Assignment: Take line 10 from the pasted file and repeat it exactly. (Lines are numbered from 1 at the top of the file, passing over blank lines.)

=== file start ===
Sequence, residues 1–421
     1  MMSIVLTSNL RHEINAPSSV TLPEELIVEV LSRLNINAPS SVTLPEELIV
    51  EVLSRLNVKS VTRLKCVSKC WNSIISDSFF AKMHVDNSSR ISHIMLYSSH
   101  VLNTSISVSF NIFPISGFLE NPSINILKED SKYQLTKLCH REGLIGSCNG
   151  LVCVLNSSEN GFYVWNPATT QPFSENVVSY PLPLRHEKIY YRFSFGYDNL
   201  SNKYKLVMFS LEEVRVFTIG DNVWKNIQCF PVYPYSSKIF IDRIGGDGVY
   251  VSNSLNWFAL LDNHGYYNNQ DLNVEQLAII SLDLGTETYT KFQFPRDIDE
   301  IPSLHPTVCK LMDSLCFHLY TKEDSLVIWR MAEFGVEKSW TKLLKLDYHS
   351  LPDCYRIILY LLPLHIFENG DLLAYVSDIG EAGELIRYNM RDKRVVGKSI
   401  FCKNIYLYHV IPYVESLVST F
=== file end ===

   401  FCKNIYLYHV IPYVESLVST F